Consumer demand for small, light-weight, and energy-efficient electronics is driving the development of highly integrated devices. The resulting miniaturization of components has resulted in a paradigm shift in electrical test and measurement, with chip-scale electrical probing and evaluation quickly replacing more traditional connectorized measurements. Concurrently, the growing demand for wireless data is pushing manufacturers to build mobile handsets that operate within higher and higher frequency bands. Many proposed fifth-generation (5G) mobile handsets will operate in bands that lie in the mm-wave frequency regime (30 GHz to 300 GHz). In this frequency regime, the building blocks of integrated circuits, (e.g., transmission lines, filters, and amplifiers) are typically more power-hungry than at lower frequencies, making the cost per unit of transmitted power increase substantially. Compounding this problem, the current state-of-the-art in on-chip power measurements suffers from relatively large uncertainties, especially above 110 GHz. The resulting combination of cost and uncertainty is limiting the deployment of mm-wave communications devices. This research opportunity focuses on improving the state-of-the art in on-chip power measurements through the development of high-sensitivity, SI-traceable, on-chip standards. The interested candidate will have the opportunity to learn mm-wave device design, microfabrication, broadband (DC-1 THz) on-wafer metrology, and finite-element simulation techniques, among other skills.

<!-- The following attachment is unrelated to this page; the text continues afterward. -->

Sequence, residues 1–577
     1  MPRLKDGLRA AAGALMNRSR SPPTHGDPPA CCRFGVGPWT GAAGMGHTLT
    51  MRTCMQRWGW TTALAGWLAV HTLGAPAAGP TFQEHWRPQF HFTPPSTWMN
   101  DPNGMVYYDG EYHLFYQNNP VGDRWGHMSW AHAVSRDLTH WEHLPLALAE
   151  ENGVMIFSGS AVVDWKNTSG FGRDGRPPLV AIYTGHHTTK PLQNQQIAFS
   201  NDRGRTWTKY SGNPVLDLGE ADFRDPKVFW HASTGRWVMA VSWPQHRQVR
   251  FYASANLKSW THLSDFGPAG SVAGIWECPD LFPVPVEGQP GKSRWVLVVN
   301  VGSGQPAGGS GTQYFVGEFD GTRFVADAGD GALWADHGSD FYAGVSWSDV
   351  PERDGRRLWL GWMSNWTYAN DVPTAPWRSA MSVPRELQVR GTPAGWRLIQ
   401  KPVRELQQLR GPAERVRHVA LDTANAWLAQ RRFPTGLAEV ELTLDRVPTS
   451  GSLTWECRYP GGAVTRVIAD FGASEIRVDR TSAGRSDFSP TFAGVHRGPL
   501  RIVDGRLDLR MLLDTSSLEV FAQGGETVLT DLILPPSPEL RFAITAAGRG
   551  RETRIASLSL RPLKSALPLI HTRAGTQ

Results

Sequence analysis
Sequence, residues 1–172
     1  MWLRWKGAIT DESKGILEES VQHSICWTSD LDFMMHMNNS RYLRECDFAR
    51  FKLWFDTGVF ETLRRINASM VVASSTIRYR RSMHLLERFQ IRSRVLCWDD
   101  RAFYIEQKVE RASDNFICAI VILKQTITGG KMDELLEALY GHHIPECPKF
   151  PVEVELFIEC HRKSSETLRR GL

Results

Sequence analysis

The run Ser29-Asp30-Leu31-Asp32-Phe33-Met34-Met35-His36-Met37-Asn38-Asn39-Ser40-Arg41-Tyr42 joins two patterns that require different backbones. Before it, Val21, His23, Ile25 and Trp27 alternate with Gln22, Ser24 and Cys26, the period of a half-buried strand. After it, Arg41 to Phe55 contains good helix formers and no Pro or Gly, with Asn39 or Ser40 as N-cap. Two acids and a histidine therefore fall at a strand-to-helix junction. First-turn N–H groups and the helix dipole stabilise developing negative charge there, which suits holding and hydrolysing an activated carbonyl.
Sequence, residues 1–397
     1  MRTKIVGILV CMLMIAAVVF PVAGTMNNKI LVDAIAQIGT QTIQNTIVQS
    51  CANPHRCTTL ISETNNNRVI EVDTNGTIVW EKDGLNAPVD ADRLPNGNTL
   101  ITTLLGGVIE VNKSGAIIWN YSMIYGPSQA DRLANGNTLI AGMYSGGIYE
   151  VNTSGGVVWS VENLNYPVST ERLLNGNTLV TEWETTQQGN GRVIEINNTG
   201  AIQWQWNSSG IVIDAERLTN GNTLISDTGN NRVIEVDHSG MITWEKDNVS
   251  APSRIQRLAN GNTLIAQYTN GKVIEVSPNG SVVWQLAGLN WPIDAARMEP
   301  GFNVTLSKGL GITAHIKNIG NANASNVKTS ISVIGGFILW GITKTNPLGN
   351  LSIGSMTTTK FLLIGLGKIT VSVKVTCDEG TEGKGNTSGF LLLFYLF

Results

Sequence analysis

Yang HH, Rebeiz GM: “Sub-10-pW/Hz0.5 Uncooled Micro-Bolometer with a Vacuum Micro-Package.” IEEE Transactions on Microwave Theory and Techniques 64.7: 2129-2136, 2016
Wang DB, Liao XP, Liu T: “A thermoelectric power sensor and its package based on MEMS technology.” Journal of Microelectromechanical Systems 21.1: 121-131, 2012
Microwave; mm-wave; On-chip; Metrology; Wireless; On-wafer; Microfabrication; Simulations; Power; Optics; Combs